(Radio Iowa) The American Farm Bureau has reached an agreement with John Deere that will allow farmers to repair their own equipment, or take it to independent repair shops. The director of the Drake University Agricultural Law Center, Jennifer Zwagerman, says it is a good solution for both sides. Zwagerman says Deere needs to protect the investment it has made in developing high tech systems to run tractors and other equipment.
“If you can limit who can repair your products, you maintain not just the market, but you also ensure more privacy and more secrecy,” She says. “What we’re really I think seeing companies most concerned about are trade secrets.” She says the computerized systems, programming or technology that’s used in the equipment is more important than the equipment itself.
“From a legal standpoint, the more you allow people to have access to information, you’re starting to limit your ability to protect those trade secrets,” Zwagerman says. “And so I think that’s something that is very valid, that they wanted to maintain access and control over, but at the same time, was not fully recognizing or meeting the needs of their customers.”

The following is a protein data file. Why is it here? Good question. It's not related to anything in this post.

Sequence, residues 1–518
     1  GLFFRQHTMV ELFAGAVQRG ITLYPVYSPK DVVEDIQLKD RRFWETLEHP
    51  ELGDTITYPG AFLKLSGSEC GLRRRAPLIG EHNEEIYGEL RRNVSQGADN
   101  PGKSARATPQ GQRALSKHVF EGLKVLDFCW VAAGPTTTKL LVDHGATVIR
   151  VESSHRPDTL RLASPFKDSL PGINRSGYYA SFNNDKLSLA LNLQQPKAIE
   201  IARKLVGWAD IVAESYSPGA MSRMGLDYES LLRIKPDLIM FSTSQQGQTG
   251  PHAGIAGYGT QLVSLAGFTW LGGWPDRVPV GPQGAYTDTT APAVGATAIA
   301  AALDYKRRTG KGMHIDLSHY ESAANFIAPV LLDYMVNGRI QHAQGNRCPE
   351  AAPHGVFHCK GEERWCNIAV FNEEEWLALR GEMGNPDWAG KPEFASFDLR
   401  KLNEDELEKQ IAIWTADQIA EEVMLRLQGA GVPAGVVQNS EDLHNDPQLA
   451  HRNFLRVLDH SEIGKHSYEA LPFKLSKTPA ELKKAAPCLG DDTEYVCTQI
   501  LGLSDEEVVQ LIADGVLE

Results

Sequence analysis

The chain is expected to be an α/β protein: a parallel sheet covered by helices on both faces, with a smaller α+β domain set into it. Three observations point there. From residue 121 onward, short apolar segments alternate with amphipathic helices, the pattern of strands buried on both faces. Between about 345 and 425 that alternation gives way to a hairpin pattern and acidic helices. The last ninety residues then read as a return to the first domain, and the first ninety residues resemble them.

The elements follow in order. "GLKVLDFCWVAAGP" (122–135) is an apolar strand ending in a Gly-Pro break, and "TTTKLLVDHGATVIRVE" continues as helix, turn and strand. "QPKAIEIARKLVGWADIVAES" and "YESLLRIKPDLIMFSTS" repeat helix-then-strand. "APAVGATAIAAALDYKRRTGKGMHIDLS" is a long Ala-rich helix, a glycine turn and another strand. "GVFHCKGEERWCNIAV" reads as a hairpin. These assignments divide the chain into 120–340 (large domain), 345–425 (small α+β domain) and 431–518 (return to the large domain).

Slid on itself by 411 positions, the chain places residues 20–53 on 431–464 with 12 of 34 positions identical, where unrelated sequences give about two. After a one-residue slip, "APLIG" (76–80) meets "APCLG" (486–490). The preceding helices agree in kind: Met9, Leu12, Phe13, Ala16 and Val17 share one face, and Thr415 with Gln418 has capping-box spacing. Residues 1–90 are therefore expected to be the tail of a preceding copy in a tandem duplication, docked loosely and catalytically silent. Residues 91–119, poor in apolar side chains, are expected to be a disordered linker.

The agreement voluntarily makes available manuals or parts to vehicles or equipment.
“And that’s something that’s important to remember as well that they have voluntarily agreed to do it. And so there’s a big question about what this is actually going to look like, moving forward? Who’s going to enforce it? What sort of limitations will they put on it,?” she says. Farmers had been able to do their own repairs or have them done without concern before tractors and other equipment started to involve much more technology.
“And so that’s definitely something that farmers are really pushing for — and have been very, very loudly. I think it says a lot that Deere listened,” Zwagerman says. Zwagerman says John Deere has a long history in agriculture and working with farmers and the company wants to maintain that relationship into the future. Zwagerman says there are still some outside factors that could impact the agreement.
“Either party can withdraw from this agreement at any time, particularly if any state or federal legislation tied to this is either introduced or enacted. And so it really in some ways is an effort to try and keep it voluntary like this,” she says. Zwagerman says there have been a lot of states and the federal government looking at this type of right to repair legislation — and this agreement would keep it out of the government’s hands and out of that type of regulation. She says the Deere agreement will extend beyond that company’s products — as the memorandum of agreement says the Farm Bureau is looking to enter into these types of agreements with other companies as well.